Video games often carry a negative stigma. However, a recently published study from the University of Vermont demonstrates the positive potential they have. Four researchers, Peter Bigham, Jason Bates, John Thompson-Figueroa, and Thomas Lahiri developed an electronic breath game that is safe and helps patients with cystic fibrosis develop breath awareness.1
Patients play the game by breathing in and out of a digital spirometer to control the path of a green circle inside of a sine wave. Inhaling controls the circle’s downward movement, while exhaling causes the circle to move up. The researchers originally tested the game on 10 patients (ages 7 to 17) hospitalized with cystic fibrosis during 15-minute sessions.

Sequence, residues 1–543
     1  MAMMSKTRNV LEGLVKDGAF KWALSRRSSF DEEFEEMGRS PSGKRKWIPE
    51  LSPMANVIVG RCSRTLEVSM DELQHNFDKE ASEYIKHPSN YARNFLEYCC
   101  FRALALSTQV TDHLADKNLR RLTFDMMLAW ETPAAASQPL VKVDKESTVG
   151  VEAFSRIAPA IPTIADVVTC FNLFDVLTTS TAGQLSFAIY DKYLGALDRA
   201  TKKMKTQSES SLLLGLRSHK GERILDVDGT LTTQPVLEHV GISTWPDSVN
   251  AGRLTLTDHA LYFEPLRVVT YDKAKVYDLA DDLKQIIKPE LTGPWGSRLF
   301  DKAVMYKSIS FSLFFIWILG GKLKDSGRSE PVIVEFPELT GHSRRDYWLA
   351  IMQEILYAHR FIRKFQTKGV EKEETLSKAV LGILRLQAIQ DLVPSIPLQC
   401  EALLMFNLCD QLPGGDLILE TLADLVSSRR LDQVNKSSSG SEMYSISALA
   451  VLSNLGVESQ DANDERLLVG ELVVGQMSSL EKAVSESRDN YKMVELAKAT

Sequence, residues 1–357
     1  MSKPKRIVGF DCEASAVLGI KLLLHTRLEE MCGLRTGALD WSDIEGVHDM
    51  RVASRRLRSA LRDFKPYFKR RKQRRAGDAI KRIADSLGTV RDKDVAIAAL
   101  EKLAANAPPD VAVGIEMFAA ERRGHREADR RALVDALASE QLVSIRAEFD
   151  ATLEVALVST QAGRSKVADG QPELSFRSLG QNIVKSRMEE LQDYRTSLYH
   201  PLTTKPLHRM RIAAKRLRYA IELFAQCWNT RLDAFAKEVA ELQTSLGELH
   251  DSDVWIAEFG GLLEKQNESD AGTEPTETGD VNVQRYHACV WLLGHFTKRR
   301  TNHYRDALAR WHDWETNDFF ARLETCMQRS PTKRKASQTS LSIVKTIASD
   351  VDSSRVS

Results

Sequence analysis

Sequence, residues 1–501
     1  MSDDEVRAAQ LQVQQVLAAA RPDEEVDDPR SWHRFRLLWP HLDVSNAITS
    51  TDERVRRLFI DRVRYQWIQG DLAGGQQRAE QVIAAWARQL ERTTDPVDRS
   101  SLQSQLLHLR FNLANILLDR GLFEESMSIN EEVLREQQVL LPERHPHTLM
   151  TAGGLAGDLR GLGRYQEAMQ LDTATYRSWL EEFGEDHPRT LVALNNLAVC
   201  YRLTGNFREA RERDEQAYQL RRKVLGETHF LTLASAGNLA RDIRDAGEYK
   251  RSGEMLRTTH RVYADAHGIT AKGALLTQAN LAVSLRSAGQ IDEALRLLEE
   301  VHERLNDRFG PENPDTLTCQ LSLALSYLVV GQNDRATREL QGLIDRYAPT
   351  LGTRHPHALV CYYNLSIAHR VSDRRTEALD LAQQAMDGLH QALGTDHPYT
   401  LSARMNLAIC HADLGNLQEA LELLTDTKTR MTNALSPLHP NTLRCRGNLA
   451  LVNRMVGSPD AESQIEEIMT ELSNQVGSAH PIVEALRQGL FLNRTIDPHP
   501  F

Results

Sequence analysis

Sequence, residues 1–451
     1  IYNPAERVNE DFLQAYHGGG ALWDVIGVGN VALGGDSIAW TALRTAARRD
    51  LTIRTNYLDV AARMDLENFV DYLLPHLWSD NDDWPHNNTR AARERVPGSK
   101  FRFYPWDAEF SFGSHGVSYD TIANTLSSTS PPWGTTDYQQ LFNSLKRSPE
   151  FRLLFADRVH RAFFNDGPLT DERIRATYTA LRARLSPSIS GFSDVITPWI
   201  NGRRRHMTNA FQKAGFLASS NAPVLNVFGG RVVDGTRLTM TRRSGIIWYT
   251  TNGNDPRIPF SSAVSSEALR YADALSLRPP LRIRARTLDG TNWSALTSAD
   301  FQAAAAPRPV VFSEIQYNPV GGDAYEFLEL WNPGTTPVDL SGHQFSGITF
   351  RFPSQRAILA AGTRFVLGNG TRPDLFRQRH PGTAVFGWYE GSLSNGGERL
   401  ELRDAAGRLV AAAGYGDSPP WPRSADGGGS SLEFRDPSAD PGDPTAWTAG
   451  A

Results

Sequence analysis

Researchers say the major benefit from this study is that the game motivated players to improve breathing pattern performance.
This healthy technological innovation is a wonderful demonstration of the positive potential video games offer under the right circumstances and with the right motivation.
1Bates, J.H., Bingham, P.M., Lahiri, T., Thompson-Figueroa, J (April 2010). A Breath Biofeedback Computer Game for Children with Cystic fibrosis. Clinical Pediatrics, 49 (4), 337-342.